The band Them Apples performs at Fall Gala in the Gantcher Center on Friday, Sept. 11. Evan Sayles / The Tufts Daily

Third annual Fall Gala sells out, sees increase in TEMS calls

The third annual Fall Gala, held in Gantcher Center last Friday, sold out tickets but also saw an increase in students who had to be evaluated by Tufts Emergency Medical Services (TEMS).

Due to a forecast of rain, the event had been moved from the Academic Quad to Gantcher Center. According to Assistant Director for Campus Life and Programming Ashley Tello, the event, which ran from 6:30 p.m. to 11 p.m., was attended by approximately 2,250 students.

In addition to the venue switch, Tello explained, the Junior Class Council, Office of Campus Life and Tufts University Police Department (TUPD) changed this year’s event to help address issues from last year, which included concerns about the entrance, access to the bathrooms and the heat in the main room.

Rather than collect tickets inside the building as they did last year, event staff processed attendees outside, which increased efficiency, according to Tello. Event staff also added portable bathrooms outside the venue, as well as more ventilation to keep the temperature down.

“One of the concerns [was] how hot Gantcher [was] going to be,” Tello said. “We made sure to run the ventilation fans all day [on Thursday], and open the doors and get fans in Gantcher all day. And it’s not that hot inside, so it seems to be working.”

On the other hand, TEMS evaluated more than twice as many students as the year before, according to a TUPD representative. Two students were transported to the hospital and three refused treatment.

This increase occurred despite efforts by the Office of Campus Life, which met with over half a dozen campus offices about planning and preparation for Gala safety, Tello said.

This year, Tello said, her office had also reached out to pre-orientation leaders to make sure their first-years had a clear idea of what to expect.

“We want to make sure that [those leaders are] talking to their students who they’ve led to say, ‘Hey, you can come. It is a sober event,’” Tello said. “We want to make sure people are being safe.”

Many of the students who attended had positive things to say about the event.

Jaya Khetarpal, a first-year, loved the food and the live band.

“I like how [Good Will and Them Apples] kind of twist modern songs and make it into their own,” she said.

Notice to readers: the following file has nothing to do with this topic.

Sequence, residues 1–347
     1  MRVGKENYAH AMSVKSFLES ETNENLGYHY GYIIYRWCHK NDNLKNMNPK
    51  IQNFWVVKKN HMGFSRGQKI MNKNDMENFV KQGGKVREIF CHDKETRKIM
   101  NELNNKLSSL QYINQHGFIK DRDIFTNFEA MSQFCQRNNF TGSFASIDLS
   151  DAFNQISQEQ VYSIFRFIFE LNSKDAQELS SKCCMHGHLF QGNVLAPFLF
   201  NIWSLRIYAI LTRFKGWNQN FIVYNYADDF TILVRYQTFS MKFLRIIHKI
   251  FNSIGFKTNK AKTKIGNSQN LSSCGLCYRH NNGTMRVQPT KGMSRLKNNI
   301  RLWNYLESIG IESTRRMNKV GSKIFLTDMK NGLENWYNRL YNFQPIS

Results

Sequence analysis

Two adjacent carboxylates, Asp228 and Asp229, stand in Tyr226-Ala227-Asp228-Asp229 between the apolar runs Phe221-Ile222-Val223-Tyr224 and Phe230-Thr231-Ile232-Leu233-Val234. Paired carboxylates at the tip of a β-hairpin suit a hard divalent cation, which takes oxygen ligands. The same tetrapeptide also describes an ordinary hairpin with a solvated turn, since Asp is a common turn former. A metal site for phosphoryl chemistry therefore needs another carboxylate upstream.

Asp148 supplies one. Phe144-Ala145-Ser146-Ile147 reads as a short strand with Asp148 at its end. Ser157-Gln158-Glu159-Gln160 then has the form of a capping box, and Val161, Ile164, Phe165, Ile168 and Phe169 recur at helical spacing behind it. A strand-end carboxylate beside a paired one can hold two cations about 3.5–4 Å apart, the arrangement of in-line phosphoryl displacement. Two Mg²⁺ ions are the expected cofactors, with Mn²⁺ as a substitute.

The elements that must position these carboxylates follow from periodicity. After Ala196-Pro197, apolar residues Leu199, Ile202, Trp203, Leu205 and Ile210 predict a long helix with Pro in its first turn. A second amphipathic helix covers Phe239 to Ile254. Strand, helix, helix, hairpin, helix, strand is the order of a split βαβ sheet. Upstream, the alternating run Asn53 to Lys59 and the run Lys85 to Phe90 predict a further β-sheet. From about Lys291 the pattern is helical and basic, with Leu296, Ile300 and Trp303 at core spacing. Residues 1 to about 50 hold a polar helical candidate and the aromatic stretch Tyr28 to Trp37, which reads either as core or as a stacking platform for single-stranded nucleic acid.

Tucker Sjoblad, a junior, said he did not mind the heat inside Gantcher and enjoyed the photo booth, but was less impressed with the band.

The live band was trying to play the songs that people dance to, which may be better suited to a DJ,” he said. “If you have an electronic set and try and transpose that to a five piece band, I don’t think that’s accessible to people who are just trying to hear those songs in their natural state.

Many changes have been made to Fall Gala since it replaced its predecessor, Fall Ballin 2013. Event coordinators chose to restructure the event after students and organizers became concerned about the nature of Fall Ball. 

“I think the event has evolved since it started three years ago,” Tello said. “People know it’s going to be elegant and classy, with nice furniture and good food.”

According to Mark Keith, deputy chief of TUPD, one of the big differences since the event became Fall Gala is the change in the event’s time.

“It used to be from 9 p.m. to 1 a.m. and now it’s over at 11 p.m.,” Keith said. “I think neighbors are a lot more tolerant [of that], because in the past it would be just about midnight when we’d start getting calls.”

Tello added that it’s important that students understand the effort the Junior Class Council, who worked on Fall Gala over the summer, put into the event.

As for next year, Tello hopes to see Fall Gala return to the lawn.

“I think [the gym] takes away from the ambiance of the event,” she said. “When you see it on the quad, it’s beautiful. It looks great.”

Sara Kalra, a first-year, agreed, saying that she wished the event had been held outdoors.

“I feel like if it was out in the open it would have been more enjoyable because there would have been more fresh air,” she said.

Overall, Tello said that the event has seen positive changes since its inception.

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